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Honored Playwright Terrence McNally Dies Of Coronavirus At Age 81


Sorry to tell you that Terrence McNally has died. He was a playwright whose popular musicals included "Kiss Of The Spider Woman" and "Ragtime." McNally lived 81 years. He survived lung cancer. He had pulmonary problems and died of complications from coronavirus. Jeff Lunden has this appreciation.

JEFF LUNDEN, BYLINE: At last year's Tonys, Terrence McNally received a lifetime achievement award. Carrying an oxygen tank, he talked about all the things he loved.


TERRENCE MCNALLY: I love being a playwright. The hours are flexible, and you don't have to wear a tie unless you're invited to the Tonys.

LUNDEN: And that was Terrence McNally in a nutshell - self-deprecating, funny and completely aware of his audience. He was a true gentleman of the theater. In a career that stretched for six decades, he wrote three dozen plays, 10 musicals and the librettos for four operas.

JOE MANTELLO: Can you think of another writer who has had the variety of work that he's had?

LUNDEN: Joe Mantello directed "Love! Valour! Compassion!" which won Terrence McNally his first Tony Award in 1995. It was one of his many plays which looked at gay life.

MANTELLO: What drove him was this need to write down his truth, to speak honestly from his heart. That was what he knew. He understood that when he was writing from that place that it would translate to anyone.

LUNDEN: And even though the play was about eight gay men coping with AIDS, it was also wickedly funny. Here's a character played by Nathan Lane.


NATHAN LANE: (As Buzz Hauser) I was having a musical comedy nightmare.


LANE: (As Buzz Hauser) They were going to revive "The King And I" for Tommy Tune and Elaine Stritch.


LUNDEN: Terrence McNally grew up in Corpus Christi, Texas, listening to the Metropolitan Opera broadcasts and staging operas in the garage. He moved to New York to study journalism at Columbia but spent much of his time going to Broadway shows, he told an interviewer at the Newseum.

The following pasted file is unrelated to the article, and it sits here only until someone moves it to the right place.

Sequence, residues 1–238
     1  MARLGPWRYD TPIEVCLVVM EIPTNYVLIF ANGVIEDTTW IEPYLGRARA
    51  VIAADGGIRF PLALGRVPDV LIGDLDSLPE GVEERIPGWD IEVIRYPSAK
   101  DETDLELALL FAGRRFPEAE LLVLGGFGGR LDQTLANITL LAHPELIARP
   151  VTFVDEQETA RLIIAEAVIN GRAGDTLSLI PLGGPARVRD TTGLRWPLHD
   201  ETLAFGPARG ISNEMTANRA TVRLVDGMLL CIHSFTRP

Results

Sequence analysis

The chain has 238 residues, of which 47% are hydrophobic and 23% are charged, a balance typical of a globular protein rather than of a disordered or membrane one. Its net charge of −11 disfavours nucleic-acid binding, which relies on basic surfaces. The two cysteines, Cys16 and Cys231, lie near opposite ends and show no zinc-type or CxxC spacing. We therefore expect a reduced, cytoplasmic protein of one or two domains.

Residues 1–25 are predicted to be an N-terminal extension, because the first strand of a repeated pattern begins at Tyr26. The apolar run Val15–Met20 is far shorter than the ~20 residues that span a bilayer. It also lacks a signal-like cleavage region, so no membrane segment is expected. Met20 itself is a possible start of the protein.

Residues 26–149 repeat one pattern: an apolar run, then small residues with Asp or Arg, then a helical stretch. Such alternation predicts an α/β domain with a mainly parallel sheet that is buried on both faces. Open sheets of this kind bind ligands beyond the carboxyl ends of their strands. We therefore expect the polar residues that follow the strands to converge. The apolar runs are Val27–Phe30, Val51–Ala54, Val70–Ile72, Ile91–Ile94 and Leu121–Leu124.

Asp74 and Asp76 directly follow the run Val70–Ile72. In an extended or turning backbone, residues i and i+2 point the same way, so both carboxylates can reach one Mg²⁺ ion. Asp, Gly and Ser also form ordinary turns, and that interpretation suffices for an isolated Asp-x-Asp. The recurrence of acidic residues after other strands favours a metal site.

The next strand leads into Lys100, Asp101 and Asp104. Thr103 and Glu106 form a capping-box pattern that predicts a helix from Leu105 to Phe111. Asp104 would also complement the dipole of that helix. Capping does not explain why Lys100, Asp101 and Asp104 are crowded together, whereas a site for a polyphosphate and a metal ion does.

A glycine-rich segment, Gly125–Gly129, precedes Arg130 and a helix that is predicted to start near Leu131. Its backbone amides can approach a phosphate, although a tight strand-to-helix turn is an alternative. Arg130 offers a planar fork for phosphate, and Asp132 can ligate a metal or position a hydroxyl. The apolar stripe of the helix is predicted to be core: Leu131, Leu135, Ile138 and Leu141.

MCNALLY: When the lights go down and the curtain goes up, how can you not get a rush? I mean, you'd not be human.

LUNDEN: So he began writing plays while in a relationship with another playwright, Edward Albee. But whereas Albee was closeted, McNally was out. He had his hits and flops over the years. And while he used aspects of his own life in his work, he told PBS...


MCNALLY: My goal as a writer became to write in my own voice and to find a kind of simplicity that was about the character, not about me.

LUNDEN: Whether the characters were gay or straight, what he wanted to do was present them with complexity and compassion, like in McNally's most produced work, "Frankie And Johnny In The Clair De Lune." It was about a short-order cook and a waitress who hook up for a one-night stand but yearn for something deeper. F. Murray Abraham starred in the original off-Broadway production with Kathy Bates.


F MURRAY ABRAHAM: (As Johnny) I want to kill myself sometimes when I think that I'm the only person in the world. And that part of me that feels that way is trapped inside this body that only bumps into other bodies without ever connecting to the only other person in the world trapped inside of them. We have to connect. We just have to.

LUNDEN: And for McNally, it was always about connection.


MCNALLY: I love it when I remember theater changes hearts - that secret place where we all truly live.

LUNDEN: And he loved collaborating with the same actors, directors and theaters over and over again. Terrence McNally is survived by his husband, producer Tom Kirdahy.

For NPR News, I'm Jeff Lunden in New York. Transcript provided by NPR, Copyright NPR.

Jeff Lunden is a freelance arts reporter and producer whose stories have been heard on NPR's Morning Edition, All Things Considered and Weekend Edition, as well as on other public radio programs.